Note: There will certainly be a lot of people around, so try to maintain social distance and wear a protective facemask at all times, as well as carry a hand sanitizer to clean your hands.
- Have your ID on hand when officials ask for verification. Once verified, you will be shown to the waiting area.
- When your time to get vaccinated arrives, one of the center’s health personnel will give you the first jab, after which you will be directed to the observation area for 30 minutes.
- Once the 30-minute period is over, you can leave the vaccination center and head home to rest. You will be informed of your next approximate vaccine date for the 2nd dose (depending on the vaccine given). If not, ask the health official who the best contact is so that you can make preparations for the next time you return.
Note: Different venues may have different procedures in place and arrangements can change at a moment’s notice.
Tips to follow before heading to your vaccination venue
See some of Pacific Prime Latin America’s tips below:
Drink plenty of water (approx. 8 glasses) and avoid caffeine and alcohol. Drinking water will keep your body hydrated and your immune system functioning at its most optimum.
Get plenty of sleep
Make sure to get plenty of rest the night before (a minimum of 7-9 hours is recommended). You will feel less stressed and aware of your actions for the day.
Get a medical consultation
Consult with your local doctor about your pre-existing conditions and the risk each type of vaccine poses. If you have a history of allergic reactions, make sure your local doctor and vaccination center are aware of it. Do your research and base your decisions on the facts and details available.
Refer to official sources only to avoid confusion. If you are diagnosed with cancer or any other chronic health condition, then you are encouraged to seek medical advice. Additionally, prepare for all eventualities and bring with you any medication and prescriptions you are currently on to show to the health personnel at the vaccination center.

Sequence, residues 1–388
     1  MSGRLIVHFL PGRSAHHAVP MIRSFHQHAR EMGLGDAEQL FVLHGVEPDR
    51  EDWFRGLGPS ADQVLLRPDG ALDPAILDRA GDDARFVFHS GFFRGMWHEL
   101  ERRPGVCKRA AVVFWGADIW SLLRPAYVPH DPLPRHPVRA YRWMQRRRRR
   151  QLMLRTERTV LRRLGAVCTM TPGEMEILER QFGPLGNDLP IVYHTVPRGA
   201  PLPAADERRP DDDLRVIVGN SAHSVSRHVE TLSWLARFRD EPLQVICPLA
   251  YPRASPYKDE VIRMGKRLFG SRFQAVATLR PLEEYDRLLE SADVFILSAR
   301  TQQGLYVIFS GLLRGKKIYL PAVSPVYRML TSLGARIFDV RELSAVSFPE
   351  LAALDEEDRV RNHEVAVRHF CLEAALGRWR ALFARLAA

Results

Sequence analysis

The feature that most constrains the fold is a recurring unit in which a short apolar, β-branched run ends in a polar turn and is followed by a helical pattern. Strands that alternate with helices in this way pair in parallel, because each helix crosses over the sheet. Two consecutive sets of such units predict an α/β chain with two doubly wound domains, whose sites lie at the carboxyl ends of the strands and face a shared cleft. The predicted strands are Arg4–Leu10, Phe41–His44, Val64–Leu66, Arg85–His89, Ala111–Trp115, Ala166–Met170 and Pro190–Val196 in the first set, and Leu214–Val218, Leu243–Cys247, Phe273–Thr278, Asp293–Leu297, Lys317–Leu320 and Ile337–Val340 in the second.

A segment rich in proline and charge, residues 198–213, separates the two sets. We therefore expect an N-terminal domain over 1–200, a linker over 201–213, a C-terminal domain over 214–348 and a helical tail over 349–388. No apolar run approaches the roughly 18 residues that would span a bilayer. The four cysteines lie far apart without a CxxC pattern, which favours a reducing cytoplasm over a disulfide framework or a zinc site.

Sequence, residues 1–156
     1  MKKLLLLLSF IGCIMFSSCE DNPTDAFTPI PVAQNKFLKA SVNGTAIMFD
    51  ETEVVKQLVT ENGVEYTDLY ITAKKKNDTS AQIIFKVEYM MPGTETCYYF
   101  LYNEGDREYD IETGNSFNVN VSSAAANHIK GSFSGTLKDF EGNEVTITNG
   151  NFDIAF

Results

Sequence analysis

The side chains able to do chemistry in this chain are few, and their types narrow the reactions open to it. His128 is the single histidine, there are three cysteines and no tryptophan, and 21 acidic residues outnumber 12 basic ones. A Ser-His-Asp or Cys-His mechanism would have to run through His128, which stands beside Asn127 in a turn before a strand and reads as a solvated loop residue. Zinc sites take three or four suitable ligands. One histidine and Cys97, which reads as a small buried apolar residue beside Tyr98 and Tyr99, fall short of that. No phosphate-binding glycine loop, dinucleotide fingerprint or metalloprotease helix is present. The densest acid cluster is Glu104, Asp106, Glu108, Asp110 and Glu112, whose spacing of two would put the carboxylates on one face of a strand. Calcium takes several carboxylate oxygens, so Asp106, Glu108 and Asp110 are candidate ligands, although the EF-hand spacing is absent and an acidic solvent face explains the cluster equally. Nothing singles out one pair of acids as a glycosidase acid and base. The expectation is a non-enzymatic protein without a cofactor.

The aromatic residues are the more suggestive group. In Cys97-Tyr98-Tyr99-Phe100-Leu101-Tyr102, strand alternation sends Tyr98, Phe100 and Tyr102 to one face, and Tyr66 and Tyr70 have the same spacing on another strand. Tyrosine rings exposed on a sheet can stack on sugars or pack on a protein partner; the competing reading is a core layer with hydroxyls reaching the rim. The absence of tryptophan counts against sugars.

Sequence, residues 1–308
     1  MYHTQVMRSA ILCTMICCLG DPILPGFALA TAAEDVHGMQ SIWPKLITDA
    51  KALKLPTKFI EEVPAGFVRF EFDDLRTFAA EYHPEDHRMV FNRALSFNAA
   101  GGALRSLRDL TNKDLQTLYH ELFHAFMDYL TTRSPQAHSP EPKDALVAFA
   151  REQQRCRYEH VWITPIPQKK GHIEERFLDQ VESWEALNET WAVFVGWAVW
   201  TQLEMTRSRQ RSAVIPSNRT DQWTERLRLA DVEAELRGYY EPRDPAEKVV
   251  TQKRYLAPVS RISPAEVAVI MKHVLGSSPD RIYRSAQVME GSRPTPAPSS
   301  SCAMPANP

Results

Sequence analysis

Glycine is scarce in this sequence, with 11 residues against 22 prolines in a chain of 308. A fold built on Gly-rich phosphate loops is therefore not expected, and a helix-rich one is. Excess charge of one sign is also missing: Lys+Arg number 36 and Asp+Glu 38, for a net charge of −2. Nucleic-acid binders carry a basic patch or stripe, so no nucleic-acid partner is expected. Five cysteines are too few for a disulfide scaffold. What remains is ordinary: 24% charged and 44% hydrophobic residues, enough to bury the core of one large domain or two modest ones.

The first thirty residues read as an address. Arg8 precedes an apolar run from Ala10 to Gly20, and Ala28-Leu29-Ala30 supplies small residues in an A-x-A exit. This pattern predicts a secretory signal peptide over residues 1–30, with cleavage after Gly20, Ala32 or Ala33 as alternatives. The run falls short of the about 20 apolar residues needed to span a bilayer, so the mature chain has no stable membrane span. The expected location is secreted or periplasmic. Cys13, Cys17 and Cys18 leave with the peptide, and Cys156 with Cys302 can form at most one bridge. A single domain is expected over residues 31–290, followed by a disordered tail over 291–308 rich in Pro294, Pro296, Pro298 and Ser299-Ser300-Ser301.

Prepare a vaccine-friendly outfit
You will likely be seated in an open arrangement with dozens if not hundreds of people around you at any point during your vaccination. Therefore, you are encouraged to wear clothing that is loose and can be taken off without exposing too much of your dignity. For ladies, avoid wearing skirts, and for both men and women wear a short sleeve top that can be rolled up easily.
Think about a post-vaccine self-care plan
Knowing that you could develop a fever or have mild symptoms after receiving your first dose (or even second dose), it’s imperative to plan and prepare in advance. Let your family and friends know of your appointment and inform your workplace that you may have to take a sick leave to rest up. Prepare your space at home to rest and keep the place well ventilated. Ask your local doctor or pharmacist about the most suitable medication to subdue any pain and whether you should continue taking your regular medication straight after. You may also want to consider securing health insurance to cover any health-related costs that may arise after vaccination.
Secure health insurance with Pacific Prime Latin America
At Pacific Prime Latin America, we put our clients at the center of all our insurance decision-making processes and search for appropriate health insurance plans to resolve concerns, meet ongoing needs, and provide added value, as well as peace of mind.
Are you an expat living in Mexico? Want to learn more about health insurance? You can discover the latest trends along with topics like the cost of international health insurance by visiting our insurance guides section. Don’t forget to visit our blog page, where you can find a range of trending health insurance topics for individuals, families, and retirees like mental health, travel insurance, healthcare, business matters, and more. Here are some to check out:
- Your complete guide to retiring in Mexico: visa, housing, and healthcare
- Your guide on choosing the best travel insurance in 2021
- Education in Mexico: Your guide to the school system in Mexico 2021
Contact our team of insurance advisors and get a personalized plan comparison today!